Miley Cyrus Releases a Statement on Her Divorce, Gets Dismissed as a “Rant”

Why to use the Notes App, and not a Twitter thread.

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Miley Cyrus remains ever the iconoclast. In a world where we’re so used to celebrities making personal statements through a Notes app screenshot to the point the format has become a source of fascination and study unto itself (Philosopher Marshall McLuhan was right: the medium really is the message), Cyrus just broke her silence on rumors surrounding her recent split from Liam Hemsworth with a Twitter thread. “Big ups to Miley for threading instead of Notes Apping,” wrote Who? Weekly co-host Bobby Finger on Twitter. “We stan a surprising format.” Unfortunately, the popular reaction to Cyrus’s statement might just prove why so many celebrities prefer to stick to a simple Notes App screenshot instead.

Cyrus’s statement spans 11 tweets, but comes in at a relatively scant 329 words (hardly a manifesto). Taken out of the Tweet thread format, it reads as a pretty thought-out and (rare for so many celebrities) self-aware statement. She recounts her passed indiscretions (real or perceived), and write, “I can accept that the life I’ve chosen means I must live completely open and transparent with my fans who I love, and the public, 100% of the time,” but empathetically denied that she cheated on Hemsworth. Given how many hundreds of thousands of words have been spilled on the recent developments in Cyrus’s personal life, it seems like an appropriate reaction. Shouldn’t she get the chance to give her two-cents and set the record straight?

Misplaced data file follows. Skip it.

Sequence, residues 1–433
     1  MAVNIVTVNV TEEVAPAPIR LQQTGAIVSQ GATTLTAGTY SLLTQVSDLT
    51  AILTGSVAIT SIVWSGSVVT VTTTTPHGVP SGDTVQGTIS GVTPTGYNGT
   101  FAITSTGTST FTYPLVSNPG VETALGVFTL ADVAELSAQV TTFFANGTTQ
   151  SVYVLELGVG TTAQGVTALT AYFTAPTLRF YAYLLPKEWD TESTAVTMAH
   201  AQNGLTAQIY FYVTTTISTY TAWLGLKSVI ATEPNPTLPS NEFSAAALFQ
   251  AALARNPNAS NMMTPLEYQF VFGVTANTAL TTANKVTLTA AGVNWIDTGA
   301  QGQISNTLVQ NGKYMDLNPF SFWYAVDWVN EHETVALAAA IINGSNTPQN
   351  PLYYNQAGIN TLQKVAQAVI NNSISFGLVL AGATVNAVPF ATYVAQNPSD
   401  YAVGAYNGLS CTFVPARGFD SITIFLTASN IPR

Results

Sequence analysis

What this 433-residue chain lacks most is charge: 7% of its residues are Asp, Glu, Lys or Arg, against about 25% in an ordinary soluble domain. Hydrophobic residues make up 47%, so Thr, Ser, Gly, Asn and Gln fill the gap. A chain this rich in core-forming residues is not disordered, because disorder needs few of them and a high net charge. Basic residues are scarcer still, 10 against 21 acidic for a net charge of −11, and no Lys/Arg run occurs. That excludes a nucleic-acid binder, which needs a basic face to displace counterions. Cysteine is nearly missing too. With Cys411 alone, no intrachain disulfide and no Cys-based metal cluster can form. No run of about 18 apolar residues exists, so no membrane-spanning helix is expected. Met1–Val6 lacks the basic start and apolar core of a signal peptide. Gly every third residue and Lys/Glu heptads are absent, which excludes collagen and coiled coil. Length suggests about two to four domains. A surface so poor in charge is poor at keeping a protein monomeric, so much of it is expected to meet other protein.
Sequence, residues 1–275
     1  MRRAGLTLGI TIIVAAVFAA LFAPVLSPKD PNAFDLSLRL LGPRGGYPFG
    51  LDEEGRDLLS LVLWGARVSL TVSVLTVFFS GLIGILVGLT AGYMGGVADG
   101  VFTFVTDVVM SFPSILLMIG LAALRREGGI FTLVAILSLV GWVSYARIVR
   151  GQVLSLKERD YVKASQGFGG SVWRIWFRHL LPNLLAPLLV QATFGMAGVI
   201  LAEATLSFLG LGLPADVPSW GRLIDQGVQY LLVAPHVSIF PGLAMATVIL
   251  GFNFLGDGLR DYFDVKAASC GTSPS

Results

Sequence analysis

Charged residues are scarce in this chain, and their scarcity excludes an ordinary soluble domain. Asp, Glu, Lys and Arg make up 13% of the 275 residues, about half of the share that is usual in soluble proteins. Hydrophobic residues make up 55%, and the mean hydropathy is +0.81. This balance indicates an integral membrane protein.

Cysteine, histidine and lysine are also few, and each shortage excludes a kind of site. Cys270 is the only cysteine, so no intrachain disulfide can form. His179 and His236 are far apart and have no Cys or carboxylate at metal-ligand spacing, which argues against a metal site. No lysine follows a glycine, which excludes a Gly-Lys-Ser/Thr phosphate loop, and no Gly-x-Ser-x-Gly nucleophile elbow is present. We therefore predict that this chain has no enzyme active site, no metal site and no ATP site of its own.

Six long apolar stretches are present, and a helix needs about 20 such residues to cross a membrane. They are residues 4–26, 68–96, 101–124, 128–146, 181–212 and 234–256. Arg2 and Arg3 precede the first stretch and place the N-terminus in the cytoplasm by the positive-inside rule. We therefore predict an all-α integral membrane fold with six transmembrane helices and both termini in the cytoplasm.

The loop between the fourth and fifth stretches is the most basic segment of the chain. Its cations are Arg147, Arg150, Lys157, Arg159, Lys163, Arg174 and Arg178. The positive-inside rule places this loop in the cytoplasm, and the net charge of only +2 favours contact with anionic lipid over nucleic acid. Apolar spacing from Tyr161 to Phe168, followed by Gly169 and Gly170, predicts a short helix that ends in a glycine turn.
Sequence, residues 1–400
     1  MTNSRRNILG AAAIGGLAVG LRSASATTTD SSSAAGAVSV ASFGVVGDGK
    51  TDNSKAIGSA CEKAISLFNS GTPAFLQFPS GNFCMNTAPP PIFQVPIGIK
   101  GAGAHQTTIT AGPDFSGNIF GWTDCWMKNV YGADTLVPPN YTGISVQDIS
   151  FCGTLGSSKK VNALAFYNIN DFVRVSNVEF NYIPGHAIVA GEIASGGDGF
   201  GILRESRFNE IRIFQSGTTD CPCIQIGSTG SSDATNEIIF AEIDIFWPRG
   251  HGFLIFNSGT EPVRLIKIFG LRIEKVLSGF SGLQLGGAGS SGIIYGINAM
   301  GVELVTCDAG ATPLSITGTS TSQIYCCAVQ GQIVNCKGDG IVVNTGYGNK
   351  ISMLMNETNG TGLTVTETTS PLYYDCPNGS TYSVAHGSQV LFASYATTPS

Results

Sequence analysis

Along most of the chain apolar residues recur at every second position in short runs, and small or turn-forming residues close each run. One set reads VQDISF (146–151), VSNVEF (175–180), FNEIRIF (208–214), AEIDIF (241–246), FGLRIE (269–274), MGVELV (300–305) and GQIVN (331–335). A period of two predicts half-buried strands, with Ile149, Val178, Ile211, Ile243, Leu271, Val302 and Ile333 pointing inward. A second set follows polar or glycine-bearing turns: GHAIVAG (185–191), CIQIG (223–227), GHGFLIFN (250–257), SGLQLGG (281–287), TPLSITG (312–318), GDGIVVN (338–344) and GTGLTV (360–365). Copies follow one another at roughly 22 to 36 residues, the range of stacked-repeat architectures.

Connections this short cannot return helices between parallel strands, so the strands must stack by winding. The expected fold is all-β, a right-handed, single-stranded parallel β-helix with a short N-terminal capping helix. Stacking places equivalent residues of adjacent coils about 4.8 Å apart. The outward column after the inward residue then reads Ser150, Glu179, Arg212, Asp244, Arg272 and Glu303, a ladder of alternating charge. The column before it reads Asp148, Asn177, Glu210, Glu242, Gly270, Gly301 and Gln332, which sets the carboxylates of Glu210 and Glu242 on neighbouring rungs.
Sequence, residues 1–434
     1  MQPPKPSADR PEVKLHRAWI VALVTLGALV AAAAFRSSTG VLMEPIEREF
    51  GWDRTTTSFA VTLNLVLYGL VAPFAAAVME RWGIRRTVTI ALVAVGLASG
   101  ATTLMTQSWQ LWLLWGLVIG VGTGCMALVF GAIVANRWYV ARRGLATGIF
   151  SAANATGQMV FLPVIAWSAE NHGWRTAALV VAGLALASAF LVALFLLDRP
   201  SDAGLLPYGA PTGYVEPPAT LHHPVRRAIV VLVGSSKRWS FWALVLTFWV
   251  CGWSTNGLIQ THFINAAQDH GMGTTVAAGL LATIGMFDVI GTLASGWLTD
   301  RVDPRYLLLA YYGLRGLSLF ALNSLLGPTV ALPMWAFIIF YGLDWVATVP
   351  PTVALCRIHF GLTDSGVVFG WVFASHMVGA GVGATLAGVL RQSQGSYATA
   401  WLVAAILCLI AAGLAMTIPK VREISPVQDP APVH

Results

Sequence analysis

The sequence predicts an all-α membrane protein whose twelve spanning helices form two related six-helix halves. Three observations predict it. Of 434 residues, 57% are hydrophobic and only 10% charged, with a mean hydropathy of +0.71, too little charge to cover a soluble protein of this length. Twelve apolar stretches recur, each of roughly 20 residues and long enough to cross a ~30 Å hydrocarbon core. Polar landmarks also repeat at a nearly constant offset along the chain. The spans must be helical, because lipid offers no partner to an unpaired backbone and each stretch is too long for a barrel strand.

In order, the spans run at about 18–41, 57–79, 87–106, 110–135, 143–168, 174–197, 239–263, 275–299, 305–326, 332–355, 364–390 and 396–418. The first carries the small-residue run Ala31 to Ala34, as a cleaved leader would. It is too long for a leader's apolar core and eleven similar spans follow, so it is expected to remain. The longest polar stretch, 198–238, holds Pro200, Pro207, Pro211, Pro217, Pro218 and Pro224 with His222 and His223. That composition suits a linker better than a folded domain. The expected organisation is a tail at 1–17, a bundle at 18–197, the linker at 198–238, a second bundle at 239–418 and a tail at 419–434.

Unfortunately, probably because of the format, Cyrus’s statement was characterized as little more than a “rant.”

“Miley Cyrus Denies Cheating on Liam Hemsworth in Lengthy Twitter Rant: ‘I Have Nothing to Hide’,” blared Us Weekly.

“Miley Cyrus Denies Cheating on Liam Hemsworth in Candid Twitter Rant,” wrote Entertainment Tonight.

“Miley Cyrus Denies Cheating on Liam Hemsworth in Wild Twitter Rant,” declared The Cut.

Cosmopolitan, which prides itself “the biggest young women’s media brand in the world, also characterized the statement as “Massive Twitter Rant” in their headline. Sister site Seventeen, devoted to a younger audience, also called it a “a Whole Twitter Rant” in their headline as well.

Oxford English Dictionary defines “rant” as to “speak or shout at length in a wild, impassioned way.” Synonyms include a diatribe, tirade and pontification. So, the choice of words here paints Cyrus as some woman whose emotions are out of control wildly typing away at her iPhone. Even if that wasn’t really the case.

So that’s while you’ll probably continue to see the Notes App screenshot used as part of the celebrity PR arsenal over Twitter threads. The former, with it’s sense of cohesion and the use of calming filters projects the sense of a though-out statement, while the later gets called a “rant.”